DENVER – The Denver Classroom Teacher Association asked the Colorado Department of Labor and Employment Monday not to intervene in the ongoing disagreement between the union and Denver Public Schools over teacher salaries, a response to the request the district made last week.
“Denver teachers believe state intervention in our negotiations with DPS would be futile,” DCTA President Henry Roman said in a statement Monday after the union responded to the state.
“DCTA certainly appreciates the time, resources and energy that state officials have dedicated to monitoring this labor dispute. But our officials need to fully appreciate we have studied the options for a new compensation agreement with DPS for five years, with very intense negotiations over the last 14 months,” Roman added. “Reopening negotiations will not be productive until DPS recognizes our need for a fair, predictable salary schedule and commits to bring more funding to the public bargaining table.”
According to DCTA, its letter to the Department of Labor and Employment said that the relationship between the union and district is in “a state of disrepair” and that state intervention would not bring the sides closer together from where they currently stand.
“Clear philosophical differences with the district have prevented us from reaching an agreement. In its response to the state, DPS doubled down on its philosophy that teacher salary largely based on shifting, unpredictable bonuses and incentives is the way to go. We disagree,” Roman said in a statement. “Our members believe a fair, reliable and transparent salary schedule with achievable standards is the only solution that will stop the massive flight of good teachers from Denver classrooms to other districts with normal salary schedules. We’re tired of trudging along in compensation experiments that are not working. We need a change now and state intervention won’t make that happen; only DPS can make that happen.”
Monday would have been the first day that union teachers could have gone on strike, according to their notice to the state. But after DPS submitted its request for intervention to the CDLE last Wednesday, the DCTA had 10 days to respond and said teachers would not strike during that period.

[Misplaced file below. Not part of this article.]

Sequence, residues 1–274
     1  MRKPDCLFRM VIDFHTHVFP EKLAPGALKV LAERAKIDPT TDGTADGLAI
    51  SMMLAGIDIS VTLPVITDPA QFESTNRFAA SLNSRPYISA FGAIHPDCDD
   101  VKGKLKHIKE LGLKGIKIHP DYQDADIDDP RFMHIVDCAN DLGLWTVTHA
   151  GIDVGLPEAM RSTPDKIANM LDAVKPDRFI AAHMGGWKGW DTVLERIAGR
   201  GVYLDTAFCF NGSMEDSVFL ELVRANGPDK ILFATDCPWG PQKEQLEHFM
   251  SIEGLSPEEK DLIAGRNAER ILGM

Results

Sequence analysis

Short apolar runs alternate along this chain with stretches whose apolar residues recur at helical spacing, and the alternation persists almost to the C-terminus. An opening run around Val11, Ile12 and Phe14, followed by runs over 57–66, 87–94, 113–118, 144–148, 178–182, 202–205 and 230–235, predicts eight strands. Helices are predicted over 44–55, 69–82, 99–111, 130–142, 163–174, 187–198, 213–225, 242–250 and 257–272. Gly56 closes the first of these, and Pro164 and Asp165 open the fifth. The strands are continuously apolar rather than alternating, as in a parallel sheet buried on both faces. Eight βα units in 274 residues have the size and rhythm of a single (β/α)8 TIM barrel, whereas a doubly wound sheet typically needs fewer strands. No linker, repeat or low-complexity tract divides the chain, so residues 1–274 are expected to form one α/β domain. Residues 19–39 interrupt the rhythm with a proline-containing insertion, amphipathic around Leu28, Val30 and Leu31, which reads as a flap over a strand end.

Several Denver schools saw student walkouts Monday in support of teachers who voted to strike.
Now that the DCTA has responded, the state has an unlimited amount of time to consider whether it will take jurisdiction over the dispute, though guidelines say the CDLE will try to make that determination within the next 14 days.
Should the department do so, some of the options to continue negotiations include mediation, arbitration and conciliation, the CDLE said. But the state is not allowed to impose an agreement between the two parties. If the CDLE decides to intervene, it is allowed to prevent the strike for a period of up to 180 days while mediation continues.
Gov. Jared Polis and the CDLE met with both sides last week on the day DPS turned in its request. The district argued in its request that a strike would negatively impact more than 70,000 students in the district, particularly a loss of instructional time, disruptions for students with food and medical needs they only receive at school, and extra financial hardships for parents of students who might have to take time off work in the event of a strike.
Ninety-three percent of union teachers voted to strike over what they say is an unfair pay structure, among other things. After the latest round of negotiations, the sides were still more than $8 million apart.
DPS Superintendent Susana Cordova said last week that the district was committed to keeping schools open even if teachers do strike and the CDLE does not intervene. DPS set up a website that details the differences in what the district is asking for and what the union has requested, and to also provide resources for families to help them plan for a strike.